Mercury Energy opposes East-West Link over explosion concerns

STUFF

Mercury Energy’s gas-fired Southdown power station in Auckland

New Zealand’s most-expensive roading project could harbour potentially explosive consequences, a power company is warning.

Mercury Energy have outlined numerous safety concerns regarding its decommissioned Auckland Southdown Power Station and its proximity to the East-West Link’s (EWL) proposed route.

The EWL, identified as one of the Government’s roads of national significance, is a $1.8 billion connection from State Highway 1 at Sylvia Park to State Highway 20 at Onehunga, which aimed to ease congestion and improve the flow of freight between the two industrial hubs.

An artist impression of the new shared path along Orpheus Drive near Aotea Sea Scouts building.

NZTA/SUPPLIED

An artist impression of the new shared path along Orpheus Drive near Aotea Sea Scouts building.

The thermal powerstation is on standby and could be fired back into life if Auckland’s power supplies ever faltered.

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Mercury Energy’s wholesale markets manager James Flexman said that in the event of a restart, turbines on the station would discharge natural gas close to the motorway.

A low probability but high consequence risk of this would arise if a vehicle which overheated stopped adjacent to a turbine, creating an explosion hazard, Flexman said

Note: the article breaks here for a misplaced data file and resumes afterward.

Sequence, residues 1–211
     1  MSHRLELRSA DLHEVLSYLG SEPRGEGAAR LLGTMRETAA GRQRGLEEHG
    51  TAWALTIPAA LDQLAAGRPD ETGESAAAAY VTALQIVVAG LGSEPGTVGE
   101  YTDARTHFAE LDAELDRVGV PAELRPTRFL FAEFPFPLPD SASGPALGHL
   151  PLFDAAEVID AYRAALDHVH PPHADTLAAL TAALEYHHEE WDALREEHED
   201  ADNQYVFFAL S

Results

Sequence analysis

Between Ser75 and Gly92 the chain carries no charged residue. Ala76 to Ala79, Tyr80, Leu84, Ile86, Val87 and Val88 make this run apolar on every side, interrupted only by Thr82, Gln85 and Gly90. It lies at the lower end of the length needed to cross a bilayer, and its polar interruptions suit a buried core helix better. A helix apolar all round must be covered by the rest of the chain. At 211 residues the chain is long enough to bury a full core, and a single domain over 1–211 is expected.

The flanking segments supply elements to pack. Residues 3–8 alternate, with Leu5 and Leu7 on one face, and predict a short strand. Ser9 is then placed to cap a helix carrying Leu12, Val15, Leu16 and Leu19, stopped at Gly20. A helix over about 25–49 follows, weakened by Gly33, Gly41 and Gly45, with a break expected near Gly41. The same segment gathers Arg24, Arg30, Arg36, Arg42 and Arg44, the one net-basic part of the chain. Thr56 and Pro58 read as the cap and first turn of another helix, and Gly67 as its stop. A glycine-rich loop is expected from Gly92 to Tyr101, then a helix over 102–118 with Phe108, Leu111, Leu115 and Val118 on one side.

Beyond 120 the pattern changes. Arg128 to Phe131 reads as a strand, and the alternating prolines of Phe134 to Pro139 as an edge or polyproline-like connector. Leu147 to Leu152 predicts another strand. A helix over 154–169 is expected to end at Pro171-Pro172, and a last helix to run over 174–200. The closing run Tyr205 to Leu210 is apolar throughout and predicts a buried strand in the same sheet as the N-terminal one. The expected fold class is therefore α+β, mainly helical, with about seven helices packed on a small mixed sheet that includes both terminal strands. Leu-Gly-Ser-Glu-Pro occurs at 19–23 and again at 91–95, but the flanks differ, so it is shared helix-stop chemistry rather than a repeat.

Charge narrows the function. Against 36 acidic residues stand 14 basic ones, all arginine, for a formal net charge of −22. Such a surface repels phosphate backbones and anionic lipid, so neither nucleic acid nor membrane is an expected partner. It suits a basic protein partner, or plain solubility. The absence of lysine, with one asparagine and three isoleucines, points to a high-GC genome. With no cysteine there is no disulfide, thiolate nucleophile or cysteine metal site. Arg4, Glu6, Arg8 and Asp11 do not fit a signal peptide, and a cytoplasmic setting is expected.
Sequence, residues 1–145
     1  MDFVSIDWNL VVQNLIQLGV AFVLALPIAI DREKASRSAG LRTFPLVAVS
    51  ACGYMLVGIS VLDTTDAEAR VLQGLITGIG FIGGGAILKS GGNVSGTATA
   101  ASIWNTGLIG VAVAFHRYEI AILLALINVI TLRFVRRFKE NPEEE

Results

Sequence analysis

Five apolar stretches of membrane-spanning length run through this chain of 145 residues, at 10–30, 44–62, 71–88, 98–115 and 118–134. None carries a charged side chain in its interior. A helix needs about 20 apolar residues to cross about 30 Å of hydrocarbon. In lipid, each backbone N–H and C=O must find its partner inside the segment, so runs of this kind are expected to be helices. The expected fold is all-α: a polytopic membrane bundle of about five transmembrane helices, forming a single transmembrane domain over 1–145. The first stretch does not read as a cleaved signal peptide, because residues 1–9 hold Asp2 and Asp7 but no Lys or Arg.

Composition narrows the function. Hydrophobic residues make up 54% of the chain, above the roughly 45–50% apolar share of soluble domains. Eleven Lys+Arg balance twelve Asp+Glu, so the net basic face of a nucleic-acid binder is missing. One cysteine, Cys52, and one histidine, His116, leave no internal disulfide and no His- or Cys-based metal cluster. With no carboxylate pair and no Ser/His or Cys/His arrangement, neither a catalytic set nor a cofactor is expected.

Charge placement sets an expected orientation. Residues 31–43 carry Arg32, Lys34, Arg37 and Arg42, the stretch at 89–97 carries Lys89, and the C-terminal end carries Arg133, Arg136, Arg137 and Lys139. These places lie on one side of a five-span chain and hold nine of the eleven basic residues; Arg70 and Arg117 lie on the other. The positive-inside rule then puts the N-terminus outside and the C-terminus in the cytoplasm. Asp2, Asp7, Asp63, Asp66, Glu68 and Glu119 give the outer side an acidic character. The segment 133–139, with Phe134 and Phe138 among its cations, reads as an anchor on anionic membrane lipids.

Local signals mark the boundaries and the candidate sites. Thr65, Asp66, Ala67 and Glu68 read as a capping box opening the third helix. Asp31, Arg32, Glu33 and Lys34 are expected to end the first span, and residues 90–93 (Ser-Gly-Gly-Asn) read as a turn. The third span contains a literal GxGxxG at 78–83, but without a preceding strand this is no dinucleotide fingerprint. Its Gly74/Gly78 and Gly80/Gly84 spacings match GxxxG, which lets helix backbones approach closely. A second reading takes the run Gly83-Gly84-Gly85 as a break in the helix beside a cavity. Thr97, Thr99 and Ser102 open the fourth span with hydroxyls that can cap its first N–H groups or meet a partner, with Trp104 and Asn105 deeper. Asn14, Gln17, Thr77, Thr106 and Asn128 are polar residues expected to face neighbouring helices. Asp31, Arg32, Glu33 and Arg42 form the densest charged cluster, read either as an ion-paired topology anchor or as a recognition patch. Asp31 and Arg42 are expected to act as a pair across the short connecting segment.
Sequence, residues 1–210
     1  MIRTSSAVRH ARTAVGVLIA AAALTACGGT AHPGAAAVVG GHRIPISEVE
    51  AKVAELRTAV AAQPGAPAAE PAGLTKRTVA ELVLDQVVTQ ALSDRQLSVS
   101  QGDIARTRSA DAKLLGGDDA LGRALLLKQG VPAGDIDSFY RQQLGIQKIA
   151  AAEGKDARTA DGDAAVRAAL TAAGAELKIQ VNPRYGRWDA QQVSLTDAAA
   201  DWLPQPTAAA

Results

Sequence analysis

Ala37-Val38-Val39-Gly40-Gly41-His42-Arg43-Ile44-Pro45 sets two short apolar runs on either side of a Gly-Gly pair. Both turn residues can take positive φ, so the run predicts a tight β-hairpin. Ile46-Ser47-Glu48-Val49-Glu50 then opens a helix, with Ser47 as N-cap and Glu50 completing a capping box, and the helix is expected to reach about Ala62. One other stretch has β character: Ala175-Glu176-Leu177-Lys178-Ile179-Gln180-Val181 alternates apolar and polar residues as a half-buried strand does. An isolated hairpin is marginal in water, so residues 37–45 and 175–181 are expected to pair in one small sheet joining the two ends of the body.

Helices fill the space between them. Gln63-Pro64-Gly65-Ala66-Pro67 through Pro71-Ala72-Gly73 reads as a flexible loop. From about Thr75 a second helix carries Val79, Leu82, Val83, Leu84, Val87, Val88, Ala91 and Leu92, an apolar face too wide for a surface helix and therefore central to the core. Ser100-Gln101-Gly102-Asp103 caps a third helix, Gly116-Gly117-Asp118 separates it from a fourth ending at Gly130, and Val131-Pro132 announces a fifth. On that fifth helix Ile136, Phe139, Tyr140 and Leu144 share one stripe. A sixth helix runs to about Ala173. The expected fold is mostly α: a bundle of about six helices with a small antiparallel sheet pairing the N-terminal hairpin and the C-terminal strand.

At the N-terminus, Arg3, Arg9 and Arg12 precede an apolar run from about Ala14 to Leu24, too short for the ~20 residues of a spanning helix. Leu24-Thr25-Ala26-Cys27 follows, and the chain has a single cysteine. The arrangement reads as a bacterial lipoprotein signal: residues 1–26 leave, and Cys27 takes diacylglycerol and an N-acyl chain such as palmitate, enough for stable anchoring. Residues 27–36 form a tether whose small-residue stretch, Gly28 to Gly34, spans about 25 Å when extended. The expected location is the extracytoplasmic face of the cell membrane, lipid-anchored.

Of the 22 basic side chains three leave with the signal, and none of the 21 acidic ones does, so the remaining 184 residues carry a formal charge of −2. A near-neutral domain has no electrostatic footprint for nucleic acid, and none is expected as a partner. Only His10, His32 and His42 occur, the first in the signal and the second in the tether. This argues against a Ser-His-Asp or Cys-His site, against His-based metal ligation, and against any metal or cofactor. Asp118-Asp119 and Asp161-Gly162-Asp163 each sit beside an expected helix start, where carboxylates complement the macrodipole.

“If the East West proposal was located where it is currently proposed, any such explosion could put human life at risk and potentially damage the structural integrity of the proposed road/pathway,” he said. 

High energy explosions could also result from generator rotor ruptures and disc failures on gas turbines, he said. 

Mercury was requesting a full safety risk assessment be undertaken by the board to identify any further hazards which could arise from the co-location of the EWL and the power station.

New Zealand Transport Agency’s (NZTA) acting system design manager Paul Glucina said it had been working with Mercury Energy since 2014 to mitigate any risks associated with the EWL.

NZTA had completed a risk assessment on information Mercury Energy presented to an EWL board of inquiry and had found the primary issues raised could be managed to an acceptable level, Glucina said. 

“We have proposed to the board of inquiry that as a condition of consent we carry out a further risk assessment before any construction starts,” she said. 

NZTA would continue to work with Mercury to gather information and evidence to ensure a design which both addressed the risks voiced and provided a safe and reliable transport route, she said. 


 – Sunday Star Times

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